PORT TOWNSEND — Nature is good at the grand spectacles. Gigantic whales gliding just below the ocean surface. Petite baby turtles scrambling across a sandy expanse toward the sea.
And then there’s that waterborne animal called a trachymedusa.
Bill Curtsinger, whom many know as co-owner of Sunrise Coffee, has witnessed many of the world’s strange and beautiful scenes.
A National Geographic photographer for more than three decades before moving to Port Townsend, he created a body of work now sampled in the show simply titled “Curtsinger” at the downtown Grover Gallery, 236 Taylor St.
All of this began when he joined the Navy, volunteered for dive school and then volunteered again, in 1968, to work in Antarctica.
One of his journal entries there, included in Kenneth Brower’s book available at the gallery, takes us deep.
“Today I entered a world few men have seen, the waters under the ice,” Curtsinger wrote.
“There were problems with my wetsuit and the coldness, but I did it. I dove under the ice 130 feet and saw an array of animal life.”
A portal opened wide — and stayed open as Curtsinger kept diving.
Canada’s Koluktoo Bay. Golfo San Jose of Argentina. The Caroline Islands of the tropical Pacific.
Whales, walruses, penguins, dolphins, seals, sharks: They’re swimming together inside the Grover Gallery, which is open daily now from noon until 5 p.m.
Curtsinger, 75, was on a book tour when he came to Port Townsend in 2006.
At a dinner, he met Sue Ohlson, the woman who would become his partner for the next adventure: the Sunrise Coffee Co., located in the Port Townsend Boat Haven, where Curtsinger is a stalwart supporter of the city’s marine trades.
Early on, he became friends with Max Grover, one of Port Townsend’s best-known artists.
Curtsinger, Grover and Sunrise have since supported the arts community here, much like a strong cup of coffee propels a human body through the day.
Teresa Verraes and Kerry Tremain of Northwind Art, the nonprofit organization that operates the Grover Gallery, were the ones who approached Curtsinger about an exhibition of his photography.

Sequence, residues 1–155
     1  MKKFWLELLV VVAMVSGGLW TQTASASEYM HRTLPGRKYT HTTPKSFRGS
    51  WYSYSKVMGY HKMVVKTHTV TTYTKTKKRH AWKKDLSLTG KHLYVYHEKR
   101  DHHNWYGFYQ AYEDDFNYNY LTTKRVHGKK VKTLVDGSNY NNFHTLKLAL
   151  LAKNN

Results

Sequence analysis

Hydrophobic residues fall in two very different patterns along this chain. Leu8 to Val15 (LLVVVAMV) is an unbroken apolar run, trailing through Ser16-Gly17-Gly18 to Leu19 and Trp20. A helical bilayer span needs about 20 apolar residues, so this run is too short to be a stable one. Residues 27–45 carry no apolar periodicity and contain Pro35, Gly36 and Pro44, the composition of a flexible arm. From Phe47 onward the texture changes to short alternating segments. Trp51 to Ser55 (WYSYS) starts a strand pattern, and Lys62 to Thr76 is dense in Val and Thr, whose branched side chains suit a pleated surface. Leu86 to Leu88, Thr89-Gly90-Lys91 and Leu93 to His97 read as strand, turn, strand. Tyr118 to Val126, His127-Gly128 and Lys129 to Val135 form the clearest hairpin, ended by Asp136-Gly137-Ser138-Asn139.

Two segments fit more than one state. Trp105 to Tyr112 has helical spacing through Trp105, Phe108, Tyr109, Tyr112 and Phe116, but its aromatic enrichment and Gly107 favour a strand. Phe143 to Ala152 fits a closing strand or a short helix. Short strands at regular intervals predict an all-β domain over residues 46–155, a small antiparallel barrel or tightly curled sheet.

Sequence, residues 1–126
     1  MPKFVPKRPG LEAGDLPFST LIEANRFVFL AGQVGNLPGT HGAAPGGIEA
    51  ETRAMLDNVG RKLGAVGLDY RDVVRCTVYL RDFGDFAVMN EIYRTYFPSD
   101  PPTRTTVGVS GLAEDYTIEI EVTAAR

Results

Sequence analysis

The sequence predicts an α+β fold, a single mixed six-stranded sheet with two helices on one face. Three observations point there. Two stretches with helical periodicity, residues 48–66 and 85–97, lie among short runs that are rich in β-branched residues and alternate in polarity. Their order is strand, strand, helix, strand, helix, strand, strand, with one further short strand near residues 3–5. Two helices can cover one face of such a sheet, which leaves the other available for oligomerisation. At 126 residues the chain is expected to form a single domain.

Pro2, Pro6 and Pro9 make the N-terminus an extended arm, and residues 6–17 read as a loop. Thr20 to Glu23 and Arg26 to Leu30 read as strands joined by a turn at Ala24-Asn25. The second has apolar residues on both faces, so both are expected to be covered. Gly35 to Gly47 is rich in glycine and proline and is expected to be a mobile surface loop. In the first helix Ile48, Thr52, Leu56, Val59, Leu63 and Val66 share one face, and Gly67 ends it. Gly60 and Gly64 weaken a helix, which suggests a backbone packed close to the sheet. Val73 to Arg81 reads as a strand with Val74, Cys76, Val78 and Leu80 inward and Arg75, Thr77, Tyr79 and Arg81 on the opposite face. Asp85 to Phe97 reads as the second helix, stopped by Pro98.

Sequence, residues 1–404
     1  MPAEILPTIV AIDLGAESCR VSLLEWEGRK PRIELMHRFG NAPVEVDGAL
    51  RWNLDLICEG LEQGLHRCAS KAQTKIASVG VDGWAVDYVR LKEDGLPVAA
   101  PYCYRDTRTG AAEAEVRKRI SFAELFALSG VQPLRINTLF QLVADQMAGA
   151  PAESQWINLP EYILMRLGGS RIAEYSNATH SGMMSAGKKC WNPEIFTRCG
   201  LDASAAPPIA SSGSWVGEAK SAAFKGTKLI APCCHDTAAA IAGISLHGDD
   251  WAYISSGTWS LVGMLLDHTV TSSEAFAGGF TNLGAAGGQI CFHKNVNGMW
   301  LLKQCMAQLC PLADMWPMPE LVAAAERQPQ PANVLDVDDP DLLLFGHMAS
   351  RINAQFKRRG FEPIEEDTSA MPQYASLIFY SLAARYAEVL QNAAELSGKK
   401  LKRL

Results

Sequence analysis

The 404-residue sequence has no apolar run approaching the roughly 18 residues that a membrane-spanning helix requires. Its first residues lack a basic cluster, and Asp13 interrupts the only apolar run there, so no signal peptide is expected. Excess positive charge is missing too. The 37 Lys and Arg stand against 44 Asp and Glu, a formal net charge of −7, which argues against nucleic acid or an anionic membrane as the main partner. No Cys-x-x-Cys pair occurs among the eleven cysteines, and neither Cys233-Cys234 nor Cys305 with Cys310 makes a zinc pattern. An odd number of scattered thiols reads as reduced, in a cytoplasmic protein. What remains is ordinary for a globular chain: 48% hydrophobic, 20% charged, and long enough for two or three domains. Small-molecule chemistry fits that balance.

The right ingredients were in place, Curtsinger said.
Tremain is a fellow photographer and “photo guru,” he writes in the book’s acknowledgements; he brought out the best in his images.
Standing in the Grover Gallery, surrounded by blue water and graceful creatures, Curtsinger expressed his thanks to another photographer and printer, Brian Goodman of Port Townsend.
“I’ve never seen my work printed so well,” he said, adding these prints came from 35-millimeter slides.
As in film, not digital.
During the eight weeks of the show, Curtsinger will do “meet-the-artist Mondays,” private tours — replete with stories about the photos — for up to six people, from 5 p.m. to 6:30 p.m. each Monday. To reserve a spot in one of the free sessions, email firstname.lastname@example.org.
A virtual artist talk with Curtsinger and Brower, titled “Upwelling,” is set for 4 p.m. Sept. 19. Admission to the online event is free while a $25 donation is suggested, with proceeds to benefit Northwind Art. To sign up, go here.
The 40-page book of Curtsinger photos and Brower’s text, titled “Curtsinger: Reflections on the Life of Photographer Bill Curtsinger,” is available for purchase at the Grover Gallery, as are limited-edition portfolios of five of Curtsinger’s National Geographic images.
“We have to make the planet a better place so none of this goes away,” Curtsinger said while watching visitors stream through the gallery’s two rooms.
“My job,” he added, “is to present these creatures at their most evocative and beautiful, so people start to care.”